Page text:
Thursday, June 18, 2015

Teacher Tom's Bandwagon

The way we run our summer program is like a camp in that every two weeks is a new session, which means that, from the kids' perspective at least, every second Monday is the first day of school.

Yes, about a third to a half of each session is comprised of children who attend Woodland Park during the regular school year, and there are always a few kids who have been in the summer program before, but there is always a significant cross section for whom this is a whole new experience. And even for the kids with lots of experience with me and the school, they typically only know, at most, a handful of the other kids in their session. Not only that, but we spend our whole day outdoors and the schedule is therefore different from that with which they are accustomed, all of which takes some adjustment.

For the most part we have a grand time during the summer, don't get me wrong, but it's not always fun and games. This Monday, I spent a good part of the morning, attempting to help one of the just barely two-year-olds, a boy I'd only met a few minutes before, get through his anguish at missing his mommy who really needed to be elsewhere for a couple hours. I've written about this before, how I sit with these kids as they feel their strong emotions, but it's always much more challenging on the "first day of school," of which we have plenty during the summer.

For one thing, many of these kids have no idea who I am, having only just met me, so I can't count on our history together, on all those deposits we've made into the good-time bank, so I can't really blame them for not fully trusting me. It takes at least a few days of playing together, of singing together, of reading stories together, of goofing off together, before most kids can take any particular comfort from my presence, what I often think of as getting on Teacher Tom's "bandwagon." 

The second challenge is that these kids, especially the youngest ones, have no idea what we're doing, so we can't count on the comfort that can come from familiarity and predictability. One of the most important tools I normally have in by belt during the regular school year is simply reminding upset children of the schedule: "First we play, then we clean up, then we eat snack, then we go outside, then we sing songs, then we read a story, then Mommy comes back." For many children, knowing what's next is a great and empowering thing, giving them back some of the sense of control they feel they lose when mommy leaves.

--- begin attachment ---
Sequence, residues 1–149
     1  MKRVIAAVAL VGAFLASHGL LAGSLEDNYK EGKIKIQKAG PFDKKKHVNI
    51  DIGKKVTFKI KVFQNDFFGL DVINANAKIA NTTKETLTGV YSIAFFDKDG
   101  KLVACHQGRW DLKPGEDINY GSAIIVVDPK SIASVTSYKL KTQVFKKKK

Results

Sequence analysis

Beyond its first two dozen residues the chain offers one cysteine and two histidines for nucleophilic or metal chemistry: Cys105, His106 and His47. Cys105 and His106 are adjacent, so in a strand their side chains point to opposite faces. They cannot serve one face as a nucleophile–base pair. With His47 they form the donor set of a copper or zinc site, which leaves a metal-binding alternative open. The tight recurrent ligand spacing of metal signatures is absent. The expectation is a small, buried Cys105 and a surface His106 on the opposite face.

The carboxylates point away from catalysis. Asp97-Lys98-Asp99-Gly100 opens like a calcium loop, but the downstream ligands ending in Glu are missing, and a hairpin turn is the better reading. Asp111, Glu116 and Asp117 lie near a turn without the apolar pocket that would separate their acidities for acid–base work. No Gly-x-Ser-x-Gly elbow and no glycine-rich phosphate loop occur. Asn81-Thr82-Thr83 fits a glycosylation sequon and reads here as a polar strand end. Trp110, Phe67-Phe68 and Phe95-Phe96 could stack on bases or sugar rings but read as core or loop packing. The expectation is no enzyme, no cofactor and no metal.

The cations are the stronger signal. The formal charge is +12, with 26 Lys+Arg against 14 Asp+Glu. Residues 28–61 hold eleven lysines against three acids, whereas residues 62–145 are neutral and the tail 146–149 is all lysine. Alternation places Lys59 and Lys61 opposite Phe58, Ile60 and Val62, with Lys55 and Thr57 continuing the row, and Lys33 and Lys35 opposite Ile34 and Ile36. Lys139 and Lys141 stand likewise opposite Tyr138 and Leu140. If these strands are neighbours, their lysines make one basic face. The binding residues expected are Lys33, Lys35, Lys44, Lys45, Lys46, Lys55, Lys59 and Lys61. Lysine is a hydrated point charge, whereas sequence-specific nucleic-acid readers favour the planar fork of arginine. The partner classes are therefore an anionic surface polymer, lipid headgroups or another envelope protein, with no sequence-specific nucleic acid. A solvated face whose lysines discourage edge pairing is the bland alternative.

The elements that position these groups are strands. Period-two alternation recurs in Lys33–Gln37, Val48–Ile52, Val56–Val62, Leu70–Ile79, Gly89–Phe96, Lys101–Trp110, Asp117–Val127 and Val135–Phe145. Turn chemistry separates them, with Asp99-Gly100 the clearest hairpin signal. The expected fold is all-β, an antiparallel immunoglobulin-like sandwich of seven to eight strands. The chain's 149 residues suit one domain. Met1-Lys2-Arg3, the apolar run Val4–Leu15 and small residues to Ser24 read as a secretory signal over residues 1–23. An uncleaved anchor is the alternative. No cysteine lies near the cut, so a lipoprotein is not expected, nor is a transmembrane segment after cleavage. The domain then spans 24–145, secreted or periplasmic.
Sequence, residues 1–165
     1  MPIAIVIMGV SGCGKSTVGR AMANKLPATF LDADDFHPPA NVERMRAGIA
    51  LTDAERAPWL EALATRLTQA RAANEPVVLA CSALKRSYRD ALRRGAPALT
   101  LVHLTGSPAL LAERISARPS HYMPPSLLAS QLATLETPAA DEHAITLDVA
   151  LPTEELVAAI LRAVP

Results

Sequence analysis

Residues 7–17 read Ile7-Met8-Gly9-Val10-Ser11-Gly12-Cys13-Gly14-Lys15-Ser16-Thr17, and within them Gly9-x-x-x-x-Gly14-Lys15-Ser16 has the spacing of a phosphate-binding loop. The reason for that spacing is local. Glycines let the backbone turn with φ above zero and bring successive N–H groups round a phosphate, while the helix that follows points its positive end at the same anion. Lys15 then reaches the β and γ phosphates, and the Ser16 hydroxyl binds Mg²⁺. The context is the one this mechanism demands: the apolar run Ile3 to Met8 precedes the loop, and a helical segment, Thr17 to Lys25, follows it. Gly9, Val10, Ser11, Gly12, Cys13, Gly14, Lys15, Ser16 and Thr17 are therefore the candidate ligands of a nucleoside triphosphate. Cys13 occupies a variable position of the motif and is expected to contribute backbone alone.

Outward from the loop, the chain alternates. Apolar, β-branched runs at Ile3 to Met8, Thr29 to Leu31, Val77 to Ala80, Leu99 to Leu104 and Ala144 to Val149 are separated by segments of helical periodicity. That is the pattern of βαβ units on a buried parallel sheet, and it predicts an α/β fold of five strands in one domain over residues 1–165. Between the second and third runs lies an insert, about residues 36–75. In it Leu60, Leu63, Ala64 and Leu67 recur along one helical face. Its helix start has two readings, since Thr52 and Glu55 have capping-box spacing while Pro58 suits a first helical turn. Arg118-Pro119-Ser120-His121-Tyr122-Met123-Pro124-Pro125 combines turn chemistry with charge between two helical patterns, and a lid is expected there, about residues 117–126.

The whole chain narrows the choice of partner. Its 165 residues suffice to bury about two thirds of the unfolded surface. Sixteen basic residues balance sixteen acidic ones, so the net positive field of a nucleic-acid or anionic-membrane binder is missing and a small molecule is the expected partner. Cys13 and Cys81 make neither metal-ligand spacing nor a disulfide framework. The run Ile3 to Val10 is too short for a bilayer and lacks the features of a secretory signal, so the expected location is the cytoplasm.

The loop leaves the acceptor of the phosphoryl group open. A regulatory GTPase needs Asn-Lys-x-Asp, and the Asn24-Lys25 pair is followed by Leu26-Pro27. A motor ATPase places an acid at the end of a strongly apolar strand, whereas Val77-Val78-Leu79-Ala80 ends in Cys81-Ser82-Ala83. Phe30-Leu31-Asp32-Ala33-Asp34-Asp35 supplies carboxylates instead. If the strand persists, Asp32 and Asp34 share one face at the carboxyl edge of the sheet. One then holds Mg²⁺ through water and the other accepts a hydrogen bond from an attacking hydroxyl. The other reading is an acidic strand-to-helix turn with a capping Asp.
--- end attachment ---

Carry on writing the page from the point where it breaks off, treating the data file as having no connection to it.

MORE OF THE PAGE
Monday was a tough day for this young guy. I strive not to use the tricks of distraction, genuinely wanting to allow the time and space for children to fully feel their emotions, but that doesn't mean that everyone approaches these things the way I do. As we sat together, a half dozen different kids approached us with toys or ideas that they thought might help this boy with whom they were attempting to empathize. One group of four older boys, after being informed by me that he was "missing his mommy," one-by-one assured him that "mommies always come back." It was as heartwarmingly sweet as it was ineffective.

I don't want any child to have a traumatic experience, especially on their first day of school, so after about half an hour, we managed to get in touch with his mom and she returned for the rest of the day. When she walked through the gate, I was sitting on the ground with her boy. I was able to assure him in that moment, "Mommy came back. Mommy always comes back."

On Tuesday, mom didn't leave him, but yesterday, Wednesday she attempted it again. Again he cried. He refused the assistance of several adults until I came on the scene. He hugged me, which he had strictly forbidden on Monday. He took my hand. He was on my bandwagon, now able to trust me after only two days of playing together. He wanted to sing a couple of the songs we'd learned together. We went together to check out the art table. We read a book in a circle with a half dozen other kids. Then . . . Well I lost track of his specific movements as he set out on his own, no longer needing me at his side.

I checked in with him visually several times. He seemed solid, engaged, moving as those young two-year-olds do, from curiosity to curiosity. At one point he fell and it startled him. He cried, he called out for mommy. I said, "You want your mommy."

He answered, "Yes. Mommy comes back."

I said, "That's right, Mommy comes back when we sing the boom-boom song."

With that, fortified by his new faith in me, his new faith in our school, and his abiding faith in Mommy, he got back to the business of playing.

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